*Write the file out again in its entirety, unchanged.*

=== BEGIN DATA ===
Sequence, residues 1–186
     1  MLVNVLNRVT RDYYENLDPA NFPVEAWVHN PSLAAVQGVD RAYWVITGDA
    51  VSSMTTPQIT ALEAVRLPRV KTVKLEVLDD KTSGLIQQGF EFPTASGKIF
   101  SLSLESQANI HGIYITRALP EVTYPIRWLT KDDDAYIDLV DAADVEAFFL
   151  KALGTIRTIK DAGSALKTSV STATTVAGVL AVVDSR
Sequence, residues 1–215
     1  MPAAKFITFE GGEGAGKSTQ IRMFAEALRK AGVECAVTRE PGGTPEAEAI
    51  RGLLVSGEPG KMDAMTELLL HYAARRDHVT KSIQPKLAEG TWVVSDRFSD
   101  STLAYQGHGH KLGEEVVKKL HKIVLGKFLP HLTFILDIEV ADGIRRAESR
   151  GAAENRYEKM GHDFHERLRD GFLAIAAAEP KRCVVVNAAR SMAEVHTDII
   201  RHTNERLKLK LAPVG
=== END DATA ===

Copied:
Sequence, residues 1–186
     1  MLVNVLNRVT RDYYENLDPA NFPVEAWVHN PSLAAVQGVD RAYWVITGDA
    51  VSSMTTPQIT ALEAVRLPRV KTVKLEVLDD KTSGLIQQGF EFPTASGKIF
   101  SLSLESQANI HGIYITRALP EVTYPIRWLT KDDDAYIDLV DAADVEAFFL
   151  KALGTIRTIK DAGSALKTSV STATTVAGVL AVVDSR
Sequence, residues 1–215
     1  MPAAKFITFE GGEGAGKSTQ IRMFAEALRK AGVECAVTRE PGGTPEAEAI
    51  RGLLVSGEPG KMDAMTELLL HYAARRDHVT KSIQPKLAEG TWVVSDRFSD
   101  STLAYQGHGH KLGEEVVKKL HKIVLGKFLP HLTFILDIEV ADGIRRAESR
   151  GAAENRYEKM GHDFHERLRD GFLAIAAAEP KRCVVVNAAR SMAEVHTDII
   201  RHTNERLKLK LAPVG